Objective To compare strategies for management of women with vaginal discharge in genitourinary medicine (GUM) and family planning (FP) settings.
Methods The setting was a centre housing both FP and GUM departments within a primary care trust in Scotland. The study participants were 200 women presenting with vaginal discharge. A randomised, controlled, crossover design was employed. Strategies typical of FP and GUM were performed on every participant in a randomised sequence. Day 1 diagnoses were made by the FP strategy (history and examination) and the GUM strategy (nearpatient microscopy added). Day 7 results were obtained from final analysis of all specimens. Days 1 and 7 results were compared with the reference standard provided by all the test results. The main outcome measures were incorrect diagnoses on Days 1 and 7.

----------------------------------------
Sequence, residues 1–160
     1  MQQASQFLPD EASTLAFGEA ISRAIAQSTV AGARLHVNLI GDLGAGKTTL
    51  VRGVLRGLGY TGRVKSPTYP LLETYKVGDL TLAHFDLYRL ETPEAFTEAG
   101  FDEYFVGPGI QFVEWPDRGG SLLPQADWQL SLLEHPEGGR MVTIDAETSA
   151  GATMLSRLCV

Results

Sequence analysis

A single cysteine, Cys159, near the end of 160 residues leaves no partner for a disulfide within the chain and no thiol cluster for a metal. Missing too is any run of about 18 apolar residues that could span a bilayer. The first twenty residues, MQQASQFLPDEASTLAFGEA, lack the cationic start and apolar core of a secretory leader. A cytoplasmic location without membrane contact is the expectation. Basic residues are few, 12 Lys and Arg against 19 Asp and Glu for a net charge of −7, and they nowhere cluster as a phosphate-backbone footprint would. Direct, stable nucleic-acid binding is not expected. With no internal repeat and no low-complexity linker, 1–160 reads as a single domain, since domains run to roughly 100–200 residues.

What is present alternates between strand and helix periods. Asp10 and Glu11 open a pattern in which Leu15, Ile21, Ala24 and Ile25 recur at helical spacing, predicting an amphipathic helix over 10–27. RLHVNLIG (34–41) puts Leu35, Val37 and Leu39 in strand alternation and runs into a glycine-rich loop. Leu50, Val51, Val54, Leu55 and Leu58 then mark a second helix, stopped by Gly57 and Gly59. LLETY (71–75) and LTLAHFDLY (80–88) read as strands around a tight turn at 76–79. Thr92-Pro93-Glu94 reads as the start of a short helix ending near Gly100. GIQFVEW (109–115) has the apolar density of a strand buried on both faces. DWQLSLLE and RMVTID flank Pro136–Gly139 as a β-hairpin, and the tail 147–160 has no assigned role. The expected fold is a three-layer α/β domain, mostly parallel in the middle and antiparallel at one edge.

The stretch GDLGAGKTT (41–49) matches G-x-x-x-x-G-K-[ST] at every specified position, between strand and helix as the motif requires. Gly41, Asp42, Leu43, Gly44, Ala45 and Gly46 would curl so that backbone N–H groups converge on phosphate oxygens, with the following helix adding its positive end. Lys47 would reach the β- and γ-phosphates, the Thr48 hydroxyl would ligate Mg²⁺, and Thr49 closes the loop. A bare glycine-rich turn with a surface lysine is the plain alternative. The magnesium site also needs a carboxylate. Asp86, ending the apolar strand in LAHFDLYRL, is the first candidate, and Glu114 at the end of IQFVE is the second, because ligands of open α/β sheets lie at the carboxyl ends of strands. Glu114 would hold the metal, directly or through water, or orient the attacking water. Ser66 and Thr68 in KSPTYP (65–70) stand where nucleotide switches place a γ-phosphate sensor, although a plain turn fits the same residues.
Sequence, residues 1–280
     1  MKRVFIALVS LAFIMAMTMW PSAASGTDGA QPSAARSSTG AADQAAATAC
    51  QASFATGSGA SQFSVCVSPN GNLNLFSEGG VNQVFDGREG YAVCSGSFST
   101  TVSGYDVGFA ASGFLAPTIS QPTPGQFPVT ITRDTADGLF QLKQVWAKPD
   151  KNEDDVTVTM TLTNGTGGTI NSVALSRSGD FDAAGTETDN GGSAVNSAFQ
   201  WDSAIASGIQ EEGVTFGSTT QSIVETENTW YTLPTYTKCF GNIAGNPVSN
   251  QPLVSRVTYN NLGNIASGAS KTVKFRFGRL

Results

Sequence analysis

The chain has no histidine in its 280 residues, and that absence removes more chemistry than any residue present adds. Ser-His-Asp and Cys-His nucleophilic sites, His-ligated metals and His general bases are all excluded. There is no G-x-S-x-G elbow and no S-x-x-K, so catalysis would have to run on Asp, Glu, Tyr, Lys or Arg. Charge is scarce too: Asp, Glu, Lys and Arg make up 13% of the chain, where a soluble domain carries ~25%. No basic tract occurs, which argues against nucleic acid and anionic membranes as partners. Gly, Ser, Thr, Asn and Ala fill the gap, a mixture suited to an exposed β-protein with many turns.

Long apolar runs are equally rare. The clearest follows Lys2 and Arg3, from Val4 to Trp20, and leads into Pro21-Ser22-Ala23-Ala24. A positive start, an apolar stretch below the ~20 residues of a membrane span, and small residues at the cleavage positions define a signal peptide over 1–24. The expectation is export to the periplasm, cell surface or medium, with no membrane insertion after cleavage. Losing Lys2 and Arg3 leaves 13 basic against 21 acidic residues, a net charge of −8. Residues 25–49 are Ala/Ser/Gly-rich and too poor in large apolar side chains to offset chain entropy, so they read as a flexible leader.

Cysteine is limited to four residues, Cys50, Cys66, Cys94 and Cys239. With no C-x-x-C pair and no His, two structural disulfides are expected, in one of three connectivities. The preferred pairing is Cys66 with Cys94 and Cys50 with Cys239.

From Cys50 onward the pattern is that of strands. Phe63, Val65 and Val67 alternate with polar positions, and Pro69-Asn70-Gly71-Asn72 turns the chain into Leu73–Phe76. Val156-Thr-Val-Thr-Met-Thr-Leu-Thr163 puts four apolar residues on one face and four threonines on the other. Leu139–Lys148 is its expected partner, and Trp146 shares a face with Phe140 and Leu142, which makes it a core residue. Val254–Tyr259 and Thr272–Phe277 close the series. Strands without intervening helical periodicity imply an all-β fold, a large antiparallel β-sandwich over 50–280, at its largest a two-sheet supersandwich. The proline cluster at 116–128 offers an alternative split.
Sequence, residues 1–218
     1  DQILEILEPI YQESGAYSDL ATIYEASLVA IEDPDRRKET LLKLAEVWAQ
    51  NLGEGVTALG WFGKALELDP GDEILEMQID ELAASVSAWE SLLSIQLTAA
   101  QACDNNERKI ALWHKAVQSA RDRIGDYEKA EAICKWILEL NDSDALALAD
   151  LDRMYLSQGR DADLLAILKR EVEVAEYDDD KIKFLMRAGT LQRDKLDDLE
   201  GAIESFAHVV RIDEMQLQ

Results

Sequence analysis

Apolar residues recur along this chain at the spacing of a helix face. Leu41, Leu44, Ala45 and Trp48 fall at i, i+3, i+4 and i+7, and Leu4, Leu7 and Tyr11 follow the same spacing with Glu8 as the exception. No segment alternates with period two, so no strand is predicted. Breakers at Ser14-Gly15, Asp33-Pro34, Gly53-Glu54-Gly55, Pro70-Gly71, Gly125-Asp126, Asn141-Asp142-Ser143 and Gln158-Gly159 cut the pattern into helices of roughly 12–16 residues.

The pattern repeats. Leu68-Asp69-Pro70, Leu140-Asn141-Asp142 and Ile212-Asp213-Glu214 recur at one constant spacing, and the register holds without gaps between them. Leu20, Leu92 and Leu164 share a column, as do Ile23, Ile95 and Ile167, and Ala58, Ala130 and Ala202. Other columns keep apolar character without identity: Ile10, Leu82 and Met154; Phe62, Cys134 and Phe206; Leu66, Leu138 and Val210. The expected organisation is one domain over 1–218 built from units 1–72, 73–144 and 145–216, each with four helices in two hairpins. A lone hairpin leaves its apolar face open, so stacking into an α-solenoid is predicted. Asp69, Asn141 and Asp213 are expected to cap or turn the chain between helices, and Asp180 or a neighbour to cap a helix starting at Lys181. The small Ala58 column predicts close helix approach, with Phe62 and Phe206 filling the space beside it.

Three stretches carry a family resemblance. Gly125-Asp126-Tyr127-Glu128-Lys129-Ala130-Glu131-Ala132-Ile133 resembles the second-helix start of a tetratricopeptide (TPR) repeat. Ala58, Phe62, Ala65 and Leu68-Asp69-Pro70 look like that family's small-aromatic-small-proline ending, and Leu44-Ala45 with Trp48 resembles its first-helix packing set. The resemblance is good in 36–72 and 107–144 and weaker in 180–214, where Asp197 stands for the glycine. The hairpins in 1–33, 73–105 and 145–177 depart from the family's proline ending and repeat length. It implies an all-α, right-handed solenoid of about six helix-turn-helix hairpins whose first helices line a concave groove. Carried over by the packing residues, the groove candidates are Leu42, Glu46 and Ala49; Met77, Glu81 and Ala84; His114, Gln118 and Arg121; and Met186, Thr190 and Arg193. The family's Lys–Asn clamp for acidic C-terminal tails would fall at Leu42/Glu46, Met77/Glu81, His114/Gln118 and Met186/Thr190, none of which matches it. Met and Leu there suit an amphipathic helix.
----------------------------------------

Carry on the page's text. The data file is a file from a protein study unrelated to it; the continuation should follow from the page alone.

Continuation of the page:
Results On Day 1 the FP strategy resulted in significantly more incorrect diagnoses than the GUM strategy when compared with the reference standard (73 vs 32; p <0.001). On Day 7 the GUM strategy resulted in significantly more incorrect diagnoses than the FP strategy when compared with the reference standard (32 vs 17; p = 0.019).
Conclusions Vaginal discharge can be managed effectively in community settings such as FP and primary care. The addition of near-patient microscopy produces a more accurate immediate diagnosis. The addition of a high vaginal swab for culture produces a more accurate final diagnosis. The costs of on-site microscopy must be considered.
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